The release of ‘Our fresh water 2017’ is a call to action for all New Zealanders, says IrrigationNZ CEO, Andrew Curtis. The report measures fresh water quality, quantity and flows, biodiversity and cultural health.
“This report highlights the impact we all have on fresh water resources. I have no doubt it will provoke further finger-pointing at the rural sector, but the reality is, all human activities are placing pressure on our fresh water environments and we must all do our bit to limit and reverse those impacts. ‘Our fresh water 2017’ is a call to action for communities to work together to implement sustainable solutions.”
Mr Curtis said that whilst the report contained some good data on the impacts of certain activities in specific catchments, it was constrained by a lack of consistent data and knowledge gaps – particularly around irrigation. While the report shows 51% of the water allocated by councils is for irrigation, it was not able to determine how much of the allocated water was actually used because data quality and the completeness of records on actual takes is inconsistent.
“We know that in many cases, actual water use is less than consented use. Despite the fact that irrigators have been collecting water measurement data for a number of years, none of it was captured in this report because there is currently no standard measurement, reporting tools or consensus amongst regional councils that allow us to report actual water use data over time.
Many of the report’s findings were based on ‘limited data’, which makes it difficult to track where our environmental efforts are working and having a positive impact. Without good data, backed up by science, we will continue to struggle to implement solutions.”
Curtis says that since 2011, irrigation schemes and irrigating farmers have collectively invested more than $1.8 billion in environmental improvement. This includes infrastructure upgrades, water use efficiency measures, technology, nutrient management and monitoring.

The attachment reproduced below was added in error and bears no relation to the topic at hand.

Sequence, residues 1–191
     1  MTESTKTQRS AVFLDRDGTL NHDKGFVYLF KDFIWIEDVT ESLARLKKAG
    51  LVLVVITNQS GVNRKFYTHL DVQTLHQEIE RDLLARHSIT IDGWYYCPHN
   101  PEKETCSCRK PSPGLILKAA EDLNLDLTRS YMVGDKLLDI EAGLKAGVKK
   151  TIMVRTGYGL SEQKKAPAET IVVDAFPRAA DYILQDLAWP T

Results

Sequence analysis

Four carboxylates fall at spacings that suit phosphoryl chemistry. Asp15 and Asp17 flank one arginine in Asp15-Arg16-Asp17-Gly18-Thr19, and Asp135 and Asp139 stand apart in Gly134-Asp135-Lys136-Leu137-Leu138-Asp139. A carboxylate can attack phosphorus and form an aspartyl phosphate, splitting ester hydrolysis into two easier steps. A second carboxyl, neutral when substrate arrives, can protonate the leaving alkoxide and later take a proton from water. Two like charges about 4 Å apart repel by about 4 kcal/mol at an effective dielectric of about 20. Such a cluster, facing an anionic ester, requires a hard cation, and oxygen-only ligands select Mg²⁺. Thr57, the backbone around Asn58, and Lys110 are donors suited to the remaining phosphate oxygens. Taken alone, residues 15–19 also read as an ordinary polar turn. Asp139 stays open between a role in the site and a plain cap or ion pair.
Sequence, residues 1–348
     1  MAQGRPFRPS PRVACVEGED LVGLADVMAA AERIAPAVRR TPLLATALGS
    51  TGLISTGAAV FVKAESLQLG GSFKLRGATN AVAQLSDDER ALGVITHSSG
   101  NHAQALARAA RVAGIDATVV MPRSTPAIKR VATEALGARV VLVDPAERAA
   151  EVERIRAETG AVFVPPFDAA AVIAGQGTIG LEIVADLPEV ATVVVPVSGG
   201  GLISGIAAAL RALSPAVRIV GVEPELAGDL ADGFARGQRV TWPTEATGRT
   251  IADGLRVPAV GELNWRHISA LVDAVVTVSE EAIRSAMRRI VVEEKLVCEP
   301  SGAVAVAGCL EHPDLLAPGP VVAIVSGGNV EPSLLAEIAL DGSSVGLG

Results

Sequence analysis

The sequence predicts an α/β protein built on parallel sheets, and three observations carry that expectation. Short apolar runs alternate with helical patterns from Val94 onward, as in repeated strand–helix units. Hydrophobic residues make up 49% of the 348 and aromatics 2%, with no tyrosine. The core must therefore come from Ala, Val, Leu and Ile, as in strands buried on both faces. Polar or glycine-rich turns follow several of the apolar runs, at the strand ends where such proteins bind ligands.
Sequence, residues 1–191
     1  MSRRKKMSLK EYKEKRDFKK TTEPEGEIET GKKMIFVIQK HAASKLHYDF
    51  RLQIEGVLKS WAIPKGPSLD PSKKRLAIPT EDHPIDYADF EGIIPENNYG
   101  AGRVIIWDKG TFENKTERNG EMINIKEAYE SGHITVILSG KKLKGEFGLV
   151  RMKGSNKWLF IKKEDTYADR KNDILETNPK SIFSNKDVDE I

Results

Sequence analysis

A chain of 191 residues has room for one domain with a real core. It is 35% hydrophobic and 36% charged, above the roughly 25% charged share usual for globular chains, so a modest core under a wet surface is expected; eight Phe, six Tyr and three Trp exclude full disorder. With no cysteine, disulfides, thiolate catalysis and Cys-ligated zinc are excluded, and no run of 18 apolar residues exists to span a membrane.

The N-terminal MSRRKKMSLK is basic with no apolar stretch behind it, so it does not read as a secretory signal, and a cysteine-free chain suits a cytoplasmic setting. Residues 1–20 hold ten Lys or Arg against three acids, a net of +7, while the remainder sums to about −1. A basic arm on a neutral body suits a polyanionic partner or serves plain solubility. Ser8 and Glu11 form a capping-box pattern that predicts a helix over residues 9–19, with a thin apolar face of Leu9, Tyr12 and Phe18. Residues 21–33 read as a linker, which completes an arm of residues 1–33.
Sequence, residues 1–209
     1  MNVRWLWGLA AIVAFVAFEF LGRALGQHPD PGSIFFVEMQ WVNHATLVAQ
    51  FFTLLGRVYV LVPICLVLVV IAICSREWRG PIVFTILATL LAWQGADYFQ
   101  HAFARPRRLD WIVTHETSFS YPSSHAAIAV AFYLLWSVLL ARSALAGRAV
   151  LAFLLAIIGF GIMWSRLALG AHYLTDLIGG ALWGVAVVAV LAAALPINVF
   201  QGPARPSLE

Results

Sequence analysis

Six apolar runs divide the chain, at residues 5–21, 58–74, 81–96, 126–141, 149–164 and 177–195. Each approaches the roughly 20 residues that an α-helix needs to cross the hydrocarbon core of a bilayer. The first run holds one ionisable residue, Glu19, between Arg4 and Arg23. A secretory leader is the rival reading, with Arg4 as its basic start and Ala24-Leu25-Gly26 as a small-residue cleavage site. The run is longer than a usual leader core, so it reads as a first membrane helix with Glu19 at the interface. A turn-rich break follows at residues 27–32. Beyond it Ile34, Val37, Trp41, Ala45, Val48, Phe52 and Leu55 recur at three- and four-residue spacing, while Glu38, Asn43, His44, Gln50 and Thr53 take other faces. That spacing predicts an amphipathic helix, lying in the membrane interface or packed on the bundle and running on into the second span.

“Farmers and growers share the same environmental values as most New Zealanders – they want to protect fresh water resources to sustain their businesses, families and communities. Yet it seems, certainly from this report, that little of the data they are measuring and supplying is being used to inform policy, practice or environmental outcomes. We know that where farmers and growers are focussing their efforts, they are making a difference. This report does reflect this to a degree, but it is very constrained due to incomplete or inconsistent data.”
The solution, says Curtis, is stronger leadership from Government and councils so that the knowledge already being gathered can be used to determine the true impacts of activities and then shape solutions at a national, regional, catchment and community level.
“The value of this report is that it gives us a ‘starting point’ to work from. Once we have a more complete data set and improved reporting, I have no doubt that the next report will show a truer picture of the impact our activities have on waterways and the solutions needed to effectively manage and improve those impacts.”
Andrew Curtis, IrrigationNZ CEO – 0274 966 314
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November 29 @ 10:00 am - 4:30 pm
Proudly supported by our Training Partners TRAINING FOR IRRIGATION OPERATORS AND MANAGERS – IMPROVE YOUR IRRIGATION SKILLS AND KNOWLEDGE DARFIELD Where: Darfield Rec Centre When: 10am- 4pm Wednesday 29th November 2017 Cost: IrrigationNZ Members $350 +GST and Non-members $550….. Read more
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